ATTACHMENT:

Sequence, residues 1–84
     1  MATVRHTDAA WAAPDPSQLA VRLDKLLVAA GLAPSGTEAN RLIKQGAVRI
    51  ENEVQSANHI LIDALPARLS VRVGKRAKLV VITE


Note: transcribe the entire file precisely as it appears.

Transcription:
Sequence, residues 1–84
     1  MATVRHTDAA WAAPDPSQLA VRLDKLLVAA GLAPSGTEAN RLIKQGAVRI
    51  ENEVQSANHI LIDALPARLS VRVGKRAKLV VITE